Faith and its distinctive approach to social issues. The authors make clear,
for example, that Bahá'ís see progress on this and other issues as occurring
in an evolutionary fashion, through the social and spiritual transformation
of individuals and their relationships.
The Khans suggest, for example, that key to the genuine shift in attitudes
necessary for the bona fide advancement of women on a global level are changes
in the family. Transformation at this level, they argue, influences larger
processes and even determines the course of world peace.
At first glance, this emphasis on the family may seem conventional. And,
indeed, the Bahá'í teachings reaffirm that men have a central role as providers
and women an all-important role as mothers. However, say the Khans, the
Bahá'í vision of the family is far more advanced than the patriarchy of
the past, which categorized women as subordinate to men and bred attitudes
that limited both sexes.
"The Bahá'í teachings call for a new form of family dynamics, based on equality,
that provides a family structure appropriate to the present age and intrinsically
far stronger than that of ages past," the Khans write, "a family structure
that offers to all of its members - husband, wife, and children - a level
of fulfillment and satisfaction otherwise inaccessible."
Equality, as outlined in the Bahá'í writings, write the Khans, does not
imply identity of function. Motherhood is greatly valued in the Bahá'í Faith
because the mother is the first educator of the child, and education is
key to the advancement of civilization. The Bahá'í writings clearly specify
that "the 'training and culture of daughters is more necessary than that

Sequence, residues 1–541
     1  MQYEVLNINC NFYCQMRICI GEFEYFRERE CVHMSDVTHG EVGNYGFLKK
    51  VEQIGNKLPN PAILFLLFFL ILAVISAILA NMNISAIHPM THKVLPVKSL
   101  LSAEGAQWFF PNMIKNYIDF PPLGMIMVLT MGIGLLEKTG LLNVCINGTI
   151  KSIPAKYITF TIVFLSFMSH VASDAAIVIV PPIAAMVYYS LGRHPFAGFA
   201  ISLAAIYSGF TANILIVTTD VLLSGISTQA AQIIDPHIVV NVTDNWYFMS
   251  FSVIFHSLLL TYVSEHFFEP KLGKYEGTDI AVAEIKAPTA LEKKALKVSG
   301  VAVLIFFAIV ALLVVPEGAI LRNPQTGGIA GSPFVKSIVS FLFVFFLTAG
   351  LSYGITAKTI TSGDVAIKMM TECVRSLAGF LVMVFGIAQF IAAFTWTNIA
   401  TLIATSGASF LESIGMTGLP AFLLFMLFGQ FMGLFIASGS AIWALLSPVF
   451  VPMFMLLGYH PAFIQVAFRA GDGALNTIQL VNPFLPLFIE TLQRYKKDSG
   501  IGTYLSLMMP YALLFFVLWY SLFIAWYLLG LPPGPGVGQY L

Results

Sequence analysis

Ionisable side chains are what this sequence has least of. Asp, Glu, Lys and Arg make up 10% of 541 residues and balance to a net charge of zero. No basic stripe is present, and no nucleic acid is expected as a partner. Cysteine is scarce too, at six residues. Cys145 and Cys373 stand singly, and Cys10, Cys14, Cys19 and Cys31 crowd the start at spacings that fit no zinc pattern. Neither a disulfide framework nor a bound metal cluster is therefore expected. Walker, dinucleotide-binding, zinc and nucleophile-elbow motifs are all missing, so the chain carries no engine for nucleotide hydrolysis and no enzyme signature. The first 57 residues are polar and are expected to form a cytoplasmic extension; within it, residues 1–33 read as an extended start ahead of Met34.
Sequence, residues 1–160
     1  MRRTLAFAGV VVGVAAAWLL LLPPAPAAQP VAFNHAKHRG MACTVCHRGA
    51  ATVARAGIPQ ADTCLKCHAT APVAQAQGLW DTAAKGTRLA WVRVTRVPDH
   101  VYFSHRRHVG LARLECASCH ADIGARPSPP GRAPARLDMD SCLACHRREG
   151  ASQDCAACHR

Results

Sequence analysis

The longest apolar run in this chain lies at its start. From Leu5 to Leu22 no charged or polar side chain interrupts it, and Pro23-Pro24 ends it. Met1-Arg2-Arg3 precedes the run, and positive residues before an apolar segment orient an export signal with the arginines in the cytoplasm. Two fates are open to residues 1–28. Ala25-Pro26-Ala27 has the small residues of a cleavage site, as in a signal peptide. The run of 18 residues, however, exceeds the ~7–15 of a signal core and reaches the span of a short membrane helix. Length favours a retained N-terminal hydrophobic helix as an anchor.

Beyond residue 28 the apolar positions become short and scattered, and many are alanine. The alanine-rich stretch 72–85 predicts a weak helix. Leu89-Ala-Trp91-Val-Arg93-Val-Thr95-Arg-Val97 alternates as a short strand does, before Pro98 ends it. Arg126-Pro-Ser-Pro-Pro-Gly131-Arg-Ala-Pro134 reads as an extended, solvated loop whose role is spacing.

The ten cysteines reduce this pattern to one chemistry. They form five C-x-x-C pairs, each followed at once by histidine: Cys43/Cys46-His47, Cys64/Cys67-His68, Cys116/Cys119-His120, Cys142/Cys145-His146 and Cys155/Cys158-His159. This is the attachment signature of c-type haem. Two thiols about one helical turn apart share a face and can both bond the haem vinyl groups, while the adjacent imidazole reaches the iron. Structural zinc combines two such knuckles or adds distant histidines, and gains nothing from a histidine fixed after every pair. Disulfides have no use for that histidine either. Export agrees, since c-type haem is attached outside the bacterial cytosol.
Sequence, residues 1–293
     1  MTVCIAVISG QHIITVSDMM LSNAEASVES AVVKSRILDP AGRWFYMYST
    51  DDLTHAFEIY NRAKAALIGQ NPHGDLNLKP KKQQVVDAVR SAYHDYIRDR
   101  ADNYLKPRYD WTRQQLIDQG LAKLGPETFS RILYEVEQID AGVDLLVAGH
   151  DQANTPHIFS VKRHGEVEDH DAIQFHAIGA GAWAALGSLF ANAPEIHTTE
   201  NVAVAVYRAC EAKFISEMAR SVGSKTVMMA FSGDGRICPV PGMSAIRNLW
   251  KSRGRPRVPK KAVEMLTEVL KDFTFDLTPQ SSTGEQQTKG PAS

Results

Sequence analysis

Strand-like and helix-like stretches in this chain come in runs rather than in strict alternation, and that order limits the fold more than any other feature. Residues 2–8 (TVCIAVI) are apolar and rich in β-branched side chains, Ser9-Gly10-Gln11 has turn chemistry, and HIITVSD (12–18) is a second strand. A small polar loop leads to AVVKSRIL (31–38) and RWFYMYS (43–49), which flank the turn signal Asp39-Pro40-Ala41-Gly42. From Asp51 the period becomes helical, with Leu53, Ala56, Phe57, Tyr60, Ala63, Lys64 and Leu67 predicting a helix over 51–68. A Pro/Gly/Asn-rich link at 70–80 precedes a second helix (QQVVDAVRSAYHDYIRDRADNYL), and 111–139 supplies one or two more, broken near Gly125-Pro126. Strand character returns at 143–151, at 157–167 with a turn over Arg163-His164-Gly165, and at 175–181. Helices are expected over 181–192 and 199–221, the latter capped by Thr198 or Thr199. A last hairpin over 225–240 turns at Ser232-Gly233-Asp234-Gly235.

The father's role is to support the family, and while this, too, may seem
conventional, it imposes upon the man a spiritual obligation that is neglected
in many societies. "The husband's responsibility to support the wife has
revolutionary implications in those cultures in which the women currently
do a disproportionate share of the work, including growing the food, collecting
water and fuel, and generally taking care of the survival needs of the family."
Vital as it is, motherhood is not the only valid role for women, and the
Bahá'í teachings call for the adoption of an identical program of education
for both sexes. This, the authors explain, would prevent males and females
from being channeled into different fields of endeavor without regard for
their true capacities.
In some instances, the father may be better suited to tend to domestic matters
while the mother may be better qualified for an outside career. Using the
tools of cooperation and consultation within an equal partnership, decision-making
on such family matters has a flexibility that is not possible within a patriarchal
The Bahá'í Faith also views the equal participation of women in all spheres
of activity as a prerequisite to peace, the Khans write. 'Abdu'l-Bahá, one
of the central figures of the Faith, wrote that "when women participate
fully and equally in the affairs of the world...war will cease."
The Khans argue that such transformations can be realistically achieved
"in an evolutionary manner" if "sustained by a commitment to fundamental
change and nurtured by educational programs designed to assist individuals
and communities to gradually bring attitudes and actions into conformity
with the spiritual principle."
The book covers numerous other aspects of this topic and constitutes a comprehensive
reference to the Bahá'í teachings on the equality of women and men, which
Bahá'ís see as an essential element of a mature civilization. The book also
makes an important contribution to the general literature on the subject,
offering the unique perspective of a non-patriarchal religious society that
focuses on logical reasons to strive for true equality in a way that advances
not only women but men - and consequently the whole of civilization.